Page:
DECIDED JULY 25, 1997.
Armed robbery, etc. Cobb Superior Court. Before Judge Kreeger.
David C. Butler, for appellant.
Thomas J. Charron, District Attorney, Debra H. Bernes, Nancy I. Jordan, Ann B. Harris, Assistant District Attorneys, for appellee.
George Walter Lightfoot was convicted of armed robbery and obstruction of an officer in connection with his holdup at knifepoint of a cashier in a convenience store. At trial, Lightfoot submitted a written request to charge on the lesser included offense of robbery by intimidation. The trial court declined to give such charge, finding that it was not adjusted to the facts, and Lightfoot enumerates this ruling as error.
The standard of review applied by the Georgia appellate courts to a trial court's refusal to charge was set forth by the Supreme Court in Edwards v. State, 264 Ga. 131 ( 442 S.E.2d 444) (1994). There the Supreme Court held that "[a] written request to charge a lesser included offense must always be given if there is any evidence that the defendant is guilty of the lesser included offense." [Cit.]" Id. at 132. However, "where the state's evidence establishes all of the elements of an offense and there is no evidence raising the lesser offense, there is no error in failing to give a charge on the lesser offense." (Emphasis in original.) Id. at 133.
Relying primarily upon Edwards and Holcomb v. State, 230 Ga. 525 ( 198 S.E.2d 179) (1973), Lightfoot argues that the court was required to charge the jury on robbery by intimidation. In Holcomb, the Supreme Court held that because robbery by intimidation is a lesser included offense of armed robbery, "it necessarily follows that evidence authorizing a conviction of robbery by the use of an offensive weapon would authorize a conviction of robbery by intimidation." Id. at 527. That being so, Lightfoot argues, the evidence adduced at his trial that he committed armed robbery was also evidence that he committed robbery by intimidation, thus requiring a charge on the lesser included offense under the rule set forth in Edwards.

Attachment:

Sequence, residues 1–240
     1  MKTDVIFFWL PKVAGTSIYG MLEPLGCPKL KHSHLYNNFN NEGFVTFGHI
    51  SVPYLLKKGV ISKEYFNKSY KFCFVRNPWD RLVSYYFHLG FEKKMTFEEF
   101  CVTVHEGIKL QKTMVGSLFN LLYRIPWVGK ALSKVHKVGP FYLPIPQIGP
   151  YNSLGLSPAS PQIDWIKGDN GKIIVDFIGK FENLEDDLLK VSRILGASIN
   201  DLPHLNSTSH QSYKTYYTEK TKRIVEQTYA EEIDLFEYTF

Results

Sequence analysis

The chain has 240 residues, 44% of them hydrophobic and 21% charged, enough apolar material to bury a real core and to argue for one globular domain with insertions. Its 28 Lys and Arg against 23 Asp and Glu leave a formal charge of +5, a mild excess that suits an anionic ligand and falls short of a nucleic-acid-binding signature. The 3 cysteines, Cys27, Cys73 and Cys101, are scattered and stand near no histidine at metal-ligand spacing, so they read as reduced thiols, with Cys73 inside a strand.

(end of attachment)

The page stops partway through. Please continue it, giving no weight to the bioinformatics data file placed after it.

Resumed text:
We cannot agree. Lightfoot's construction of Edwards and Holcomb, while not unfounded, does not accurately reflect the status of the law in this area. Although Holcomb does hold that the same evidence which authorizes a conviction for armed robbery will also authorize a conviction for robbery by intimidation, it goes on to state that "failure to charge on robbery by intimidation [is] not error [where] the evidence [does] not demand a charge on that offense." Holcomb, supra at 527. Accordingly, though evidence of armed robbery might authorize a conviction for robbery by intimidation, in some cases the evidence of robbery by intimidation will not be such that a charge on that offense is demanded. In those cases, there can be no error when the trial court refuses to give a charge on the lesser included offense. See Thomas v. State, 226 Ga. App. 441 ( 487 S.E.2d 75) (1997) (unnecessary to charge robbery by intimidation where robbery occurred at gunpoint and defendant did not deny he was armed).
This point is well illustrated in three cases decided subsequent to Holcomb: Bixby v. State, 234 Ga. 812, 814 (2) ( 218 S.E.2d 609) (1975); Brock v. State, 232 Ga. 47, 48 ( 205 S.E.2d 272) (1974); and Clempson v. State, 144 Ga. App. 625, 626-627 (3) ( 241 S.E.2d 495) (1978). In each armed robbery case, this court or the Supreme Court determined that no evidence of robbery by intimidation was presented, and that all the evidence showed robbery by use of an offensive weapon. Accordingly, it was determined that no error was shown from any of the trial courts' refusals to charge on the lesser included offense of robbery by intimidation.
In this case, no evidence of robbery by intimidation was shown. The evidence shows that Lightfoot entered a convenience store with an extended knife in his hand, held up the cashier, took money from the cash drawer, and at one point, threatened to bury the knife in the cashier's back if anyone entered the store. No evidence was presented to the effect that a weapon was not used in the robbery, as Lightfoot testified only that he did not remember any of the events connected with the robbery. Although he claims that a charge on robbery by intimidation was appropriate because the cashier testified that he was intimidated, this fact does not authorize a charge on robbery by intimidation on the facts of this case. "There is no evidence, and the jury would have had no reason to believe, that [the cashier] was persuaded to part with the cash . . . other than by having a [knife] pointed at him. . . . It was not error to fail to charge a request on robbery by intimidation since such charge is unsupported by evidence." Griffeth v. State, 154 Ga. App. 643, 645 (3) (a) ( 269 S.E.2d 501) (1980).
The other cases cited by Lightfoot do not change this result, and do not alter our analysis in this regard. Taken to its logical conclusion, Lightfoot's position would require a charge on the lesser included offense of robbery by intimidation in every armed robbery prosecution. However, it is clear that the law contains no such requirement. There was no evidence presented in this case that would have authorized a conviction for robbery by intimidation that would not also have demanded a conviction of armed robbery. Accordingly, Lightfoot's enumeration is without merit.
Judgment affirmed. Pope, P.J., and Johnson, J., concur.